For those of us who found school to be a less than jolly experience, Channel 4’s new series Educating Yorkshire has sometimes made for painful viewing. The cameras followed the children and teachers at Thornhill Community Academy near Dewsbury for seven weeks in 2012, and last week the second of four episodes was screened. “Groups, cliques, tribes,” said the blurb; “call them what you like, they have always been at the centre of school life.”
Thursday’s episode focused on two groups: the cool girls and the geeks. The cool girls admitted that they “tease” the geeks and call them names. The geeks said they didn’t know what they had done to deserve such abuse. So far, so typical – of school life, and, apparently, of exploitative reality TV.
The programme focused on two incidents in which a “geek”, Jac-Henry, lashed out physically after being “teased” by a girl called Georgia. The programme is fascinating in the way that it continually challenges viewers’ ideas of victim and villain – as it should, since, at age 15 or 16, nobody is a villain. Jac-Henry used violence, and accepted his punishment from the firm-but-fair head teacher Mr Mitchell. On the first occasion, Georgia was not punished.
At least, not by the school. On Twitter on Thursday night, viewers decided to do the job. “That Georgia” started trending, with hundreds of adults using her full name to abuse her looks, her character and more. A Twitter account that appeared to be Georgia’s returned insults, blocked a few accounts and eventually, showing more wisdom than her tormentors, asked what they thought they were doing calling her a bully.
When I was 16, I too knew a bully, and there were days when I would have happily traded my education and future to see her humiliated. But I am not 16, and the sight of adults handing out such abuse to a child is horrific. One man, whose tweet I will paraphrase on the grounds of taste, called Georgia a “flipping little scumbag”, and continued: “I’d love to volley your flipping punt in with a size 12 steeley on. Bully. Punt.”
Had Channel 4 hung the children out to dry? Absolutely not, I discovered – though obviously the same cannot be said of Twitter. “We cannot control social media reaction but we take our duty of care to the students incredibly seriously,” said a Channel 4 spokeswoman.”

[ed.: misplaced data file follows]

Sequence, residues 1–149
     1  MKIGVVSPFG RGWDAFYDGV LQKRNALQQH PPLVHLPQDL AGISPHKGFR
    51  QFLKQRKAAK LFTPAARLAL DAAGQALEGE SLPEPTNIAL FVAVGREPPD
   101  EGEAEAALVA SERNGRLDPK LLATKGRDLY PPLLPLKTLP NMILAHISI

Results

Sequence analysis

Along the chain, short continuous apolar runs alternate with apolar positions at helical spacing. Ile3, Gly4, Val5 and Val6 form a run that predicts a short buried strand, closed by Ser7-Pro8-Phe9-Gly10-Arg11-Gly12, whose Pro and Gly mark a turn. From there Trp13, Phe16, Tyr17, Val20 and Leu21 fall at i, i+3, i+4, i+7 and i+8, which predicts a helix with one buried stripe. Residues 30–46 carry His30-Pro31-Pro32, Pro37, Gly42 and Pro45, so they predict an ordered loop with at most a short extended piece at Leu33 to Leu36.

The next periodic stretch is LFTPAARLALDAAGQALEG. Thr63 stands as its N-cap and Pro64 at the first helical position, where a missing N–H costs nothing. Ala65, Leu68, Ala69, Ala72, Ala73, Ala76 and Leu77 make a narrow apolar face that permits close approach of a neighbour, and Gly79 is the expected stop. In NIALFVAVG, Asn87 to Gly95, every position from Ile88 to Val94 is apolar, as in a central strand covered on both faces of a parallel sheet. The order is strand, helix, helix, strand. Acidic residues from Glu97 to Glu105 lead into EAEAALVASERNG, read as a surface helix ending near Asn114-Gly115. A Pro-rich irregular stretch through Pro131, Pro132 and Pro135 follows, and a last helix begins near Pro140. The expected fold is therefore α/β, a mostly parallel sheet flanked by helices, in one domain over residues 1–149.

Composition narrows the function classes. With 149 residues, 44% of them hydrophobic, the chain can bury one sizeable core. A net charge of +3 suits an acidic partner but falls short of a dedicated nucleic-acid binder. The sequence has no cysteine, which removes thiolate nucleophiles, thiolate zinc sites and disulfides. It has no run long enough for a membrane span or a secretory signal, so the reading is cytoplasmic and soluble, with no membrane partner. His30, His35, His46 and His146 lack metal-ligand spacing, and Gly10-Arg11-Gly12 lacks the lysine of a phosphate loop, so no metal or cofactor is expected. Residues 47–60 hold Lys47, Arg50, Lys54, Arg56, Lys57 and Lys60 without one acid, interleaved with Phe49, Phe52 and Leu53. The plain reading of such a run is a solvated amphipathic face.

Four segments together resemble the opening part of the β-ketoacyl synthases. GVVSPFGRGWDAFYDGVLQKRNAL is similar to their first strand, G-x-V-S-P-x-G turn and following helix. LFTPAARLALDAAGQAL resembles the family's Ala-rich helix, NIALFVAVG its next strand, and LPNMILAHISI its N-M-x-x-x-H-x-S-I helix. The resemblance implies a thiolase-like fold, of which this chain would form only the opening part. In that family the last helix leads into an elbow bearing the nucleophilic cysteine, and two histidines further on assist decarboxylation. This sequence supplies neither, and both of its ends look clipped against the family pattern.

In fact, the production company worked with the school, community, parents and children for months before consent was given. “We are working closely with an independent chartered child psychologist who met the students before filming and is viewing the final programmes before they are broadcast.”
All the children were given advice about social media, privacy settings and how best to react to criticism – or not react. In fact, on Friday, Georgia “was prepared for the reaction, she knew what to expect so is feeling okay with it all.” To be fair, she seemed it. (If the Twitter account really is hers.)
Was Georgia a bully? It looks that way, and obviously that touches nerves. “That sort of story’s always going to be a bit Marmite,” Mr Mitchell told me on Friday evening, “because everybody knows somebody who was a bully and everybody knows somebody who was bullied.”
His zero tolerance of bullying is made clear in the series. “In that particular programme it may have come across that bullying hadn’t been punished but that wasn’t the case,” he explained. “It was a reasonably accurate portrayal. Nothing major was left out, it was just that some of the beef behind it couldn’t be included ....
“In retrospect, had I known exactly what went on, Georgia would in all likelihood have been punished too.” She had been punished for bullying before, and Jac-Henry had received encouragement and support.
Have children of the Twitter age evolved to have thicker skins? It’s hard to judge when you’re my or Mr Mitchell’s age and you assume that bullying got left behind at school. It’s not Channel 4’s fault, or Georgia’s or Jac-Henry’s, but sadly the response to Educating Yorkshire suggests that we now accept bullying as part of life. Georgia and Jac-Henry will be fine: they seem already to have understood that a happy life is the best revenge. But for their sake, I’m sorry that not everybody can be sent to stand outside the head’s office until they learn how to behave. School is hard enough; Twitter is an insult too far.